Best practices in palliative care supported by growing evidence base, study finds
A study commissioned to help guide revisions of best practices in providing palliative care finds that there is a wide and varied body of evidence to support such clinical practice guidelines.
The systematic review by researchers from the RAND Corporation found that the research base for palliative care was larger than generally appreciated, although there was limited evidence across some areas of clinical practice such as how to care for patients during the last days of their lives.
Published in the Journal of Pain and Symptom Management, the study was conducted to support the fourth edition of the National Consensus Project's Clinical Practices Guidelines for Quality Palliative Care, which establishes best practices in end-of-life care. While previous guidelines have been developed through consensus among experts, the systematic review was incorporated into the just-released fourth edition of the guidelines.
"Our review will help guide best practices going forward and help focus future research efforts to build a high-quality evidence base for end-of-life care," said Sangeeta Ahluwalia, the study's lead author and a senior policy researcher at RAND, a nonprofit research organization. "While the palliative care evidence base has been rapidly growing, we now better understand where there are gaps."
Palliative care is a rapidly growing field aimed at improving quality of life for patients with serious illness and their caregivers. Inpatient palliative care programs have increased sharply in recent years, with two-thirds of hospitals with 50 or more beds reporting that they have an interdisciplinary palliative care team.
Researchers from the Southern California Evidence-based Practice Center at RAND reviewed the research literature to assess the status of evidence across eight domains of palliative care: the structure and process of care; physical aspects of care; psychological aspects of care; social aspects of care; spiritual, religious and existential aspects of care; cultural aspects of care; care of the patient nearing the end of life; and ethical and legal aspects of care.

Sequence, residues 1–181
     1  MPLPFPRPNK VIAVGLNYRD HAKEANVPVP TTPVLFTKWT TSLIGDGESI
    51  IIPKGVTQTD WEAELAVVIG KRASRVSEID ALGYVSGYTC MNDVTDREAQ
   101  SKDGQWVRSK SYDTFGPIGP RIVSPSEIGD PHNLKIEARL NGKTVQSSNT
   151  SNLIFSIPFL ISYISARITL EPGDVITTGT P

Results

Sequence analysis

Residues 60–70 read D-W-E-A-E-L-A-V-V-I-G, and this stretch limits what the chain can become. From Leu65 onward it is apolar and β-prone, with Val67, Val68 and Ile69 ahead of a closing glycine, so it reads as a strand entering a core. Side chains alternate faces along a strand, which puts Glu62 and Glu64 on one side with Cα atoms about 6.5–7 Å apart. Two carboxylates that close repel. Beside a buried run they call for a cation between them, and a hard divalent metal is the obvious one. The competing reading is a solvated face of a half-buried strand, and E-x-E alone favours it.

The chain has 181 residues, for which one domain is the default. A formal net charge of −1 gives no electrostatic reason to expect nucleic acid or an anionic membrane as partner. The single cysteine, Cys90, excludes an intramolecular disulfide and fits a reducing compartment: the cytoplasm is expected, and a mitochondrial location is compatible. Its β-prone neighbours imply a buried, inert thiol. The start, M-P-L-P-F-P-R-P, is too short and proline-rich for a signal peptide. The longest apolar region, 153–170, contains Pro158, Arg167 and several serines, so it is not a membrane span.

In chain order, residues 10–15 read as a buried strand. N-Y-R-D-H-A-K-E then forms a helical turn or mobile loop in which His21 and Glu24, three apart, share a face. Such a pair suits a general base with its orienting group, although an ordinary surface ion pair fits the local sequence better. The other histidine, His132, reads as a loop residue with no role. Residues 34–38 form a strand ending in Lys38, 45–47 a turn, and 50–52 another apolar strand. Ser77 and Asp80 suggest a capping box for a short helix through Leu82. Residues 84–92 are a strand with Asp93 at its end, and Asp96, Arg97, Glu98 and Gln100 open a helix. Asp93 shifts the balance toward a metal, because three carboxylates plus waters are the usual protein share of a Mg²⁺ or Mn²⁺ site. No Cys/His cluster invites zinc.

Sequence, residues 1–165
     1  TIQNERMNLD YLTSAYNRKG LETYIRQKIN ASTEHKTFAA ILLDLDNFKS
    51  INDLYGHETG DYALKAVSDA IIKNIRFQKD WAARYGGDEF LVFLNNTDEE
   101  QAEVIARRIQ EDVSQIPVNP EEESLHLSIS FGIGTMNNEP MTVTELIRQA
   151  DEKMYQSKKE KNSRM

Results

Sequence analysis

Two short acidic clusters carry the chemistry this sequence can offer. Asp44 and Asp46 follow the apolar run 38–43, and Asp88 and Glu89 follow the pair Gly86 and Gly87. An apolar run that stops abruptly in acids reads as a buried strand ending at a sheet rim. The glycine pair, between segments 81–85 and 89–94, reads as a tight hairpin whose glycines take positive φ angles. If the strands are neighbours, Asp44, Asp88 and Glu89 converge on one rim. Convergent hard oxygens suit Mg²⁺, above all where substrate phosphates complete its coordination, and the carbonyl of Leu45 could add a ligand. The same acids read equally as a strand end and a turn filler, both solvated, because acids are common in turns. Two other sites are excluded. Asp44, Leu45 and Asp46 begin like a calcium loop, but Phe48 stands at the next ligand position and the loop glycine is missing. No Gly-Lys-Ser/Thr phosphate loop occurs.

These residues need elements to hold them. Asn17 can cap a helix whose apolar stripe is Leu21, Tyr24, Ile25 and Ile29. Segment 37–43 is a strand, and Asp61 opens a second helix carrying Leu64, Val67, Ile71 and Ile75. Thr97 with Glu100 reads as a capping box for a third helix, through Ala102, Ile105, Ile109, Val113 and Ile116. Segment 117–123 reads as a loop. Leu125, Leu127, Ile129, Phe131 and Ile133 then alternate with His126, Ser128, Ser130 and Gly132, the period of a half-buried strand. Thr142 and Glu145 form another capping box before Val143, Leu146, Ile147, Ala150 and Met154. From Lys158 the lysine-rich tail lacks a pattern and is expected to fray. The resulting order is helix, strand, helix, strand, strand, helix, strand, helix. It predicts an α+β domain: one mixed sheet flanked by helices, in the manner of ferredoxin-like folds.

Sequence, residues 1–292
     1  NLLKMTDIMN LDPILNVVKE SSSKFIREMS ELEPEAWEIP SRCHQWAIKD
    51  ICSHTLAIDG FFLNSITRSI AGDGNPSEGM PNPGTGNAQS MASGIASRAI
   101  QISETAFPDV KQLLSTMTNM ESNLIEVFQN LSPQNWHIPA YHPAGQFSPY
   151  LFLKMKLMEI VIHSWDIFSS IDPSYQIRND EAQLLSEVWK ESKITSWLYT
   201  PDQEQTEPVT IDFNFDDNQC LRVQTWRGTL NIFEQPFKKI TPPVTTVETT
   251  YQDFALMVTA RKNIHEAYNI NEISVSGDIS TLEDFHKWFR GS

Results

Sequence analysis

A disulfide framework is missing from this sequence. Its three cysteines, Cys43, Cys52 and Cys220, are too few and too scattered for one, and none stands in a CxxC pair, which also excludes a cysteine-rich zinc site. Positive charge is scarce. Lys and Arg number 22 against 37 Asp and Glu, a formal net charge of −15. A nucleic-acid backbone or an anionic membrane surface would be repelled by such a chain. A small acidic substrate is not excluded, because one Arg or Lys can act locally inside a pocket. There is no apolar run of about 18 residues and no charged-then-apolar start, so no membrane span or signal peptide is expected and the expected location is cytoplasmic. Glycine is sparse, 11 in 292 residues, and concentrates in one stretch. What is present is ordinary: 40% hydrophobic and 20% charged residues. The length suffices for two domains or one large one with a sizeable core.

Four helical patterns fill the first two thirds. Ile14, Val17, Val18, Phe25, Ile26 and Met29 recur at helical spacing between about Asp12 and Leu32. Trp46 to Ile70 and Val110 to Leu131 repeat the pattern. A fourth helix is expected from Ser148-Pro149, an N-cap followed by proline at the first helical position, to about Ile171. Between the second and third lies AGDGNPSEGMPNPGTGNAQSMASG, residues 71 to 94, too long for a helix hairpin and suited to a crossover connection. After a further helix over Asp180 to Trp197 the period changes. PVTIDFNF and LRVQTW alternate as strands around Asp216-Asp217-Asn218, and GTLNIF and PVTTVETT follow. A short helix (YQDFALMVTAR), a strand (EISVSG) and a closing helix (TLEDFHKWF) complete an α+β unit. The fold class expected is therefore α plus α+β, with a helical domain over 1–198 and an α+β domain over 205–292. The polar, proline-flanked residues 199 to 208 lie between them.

The most promising approaches to palliative care structure and process identified by the review include home-based palliative care, interdisciplinary team care and telehealth interventions. The findings support continued growth in these areas, with attention needed on workforce expansion, quality assessment of these services and innovative payment models.
The study also found there is now documented evidence for comprehensive palliative care and music/art therapy addressing physical and psychological aspects of care. However, the existing evidence base for social needs assessments and culturally-sensitive care remains very limited.
There is also documented evidence that grief and bereavement support services appear to improve key outcomes for caregivers, but the evidence base for effective approaches for care focused on the last days of life is very limited.
Evidence for physician orders and advance directive interventions showed the strongest evidence in the ethical and legal aspects of care domain. Ethics consultations improve consensus in the intensive care unit, which can help reduce use of high-intensity and often life-prolonging treatments at the end of life.
"Our review documents a substantial body of evidence to support clinical practice guidelines for palliative care, but the quality of evidence remains limited," said Susanne Hempel, the study's senior author and co-director of the Evidence-based Practice Center at RAND. "This comprehensive review underscores the importance of targeting future research toward building high-quality evidence in key areas of clinical practice, and patient and caregiver needs."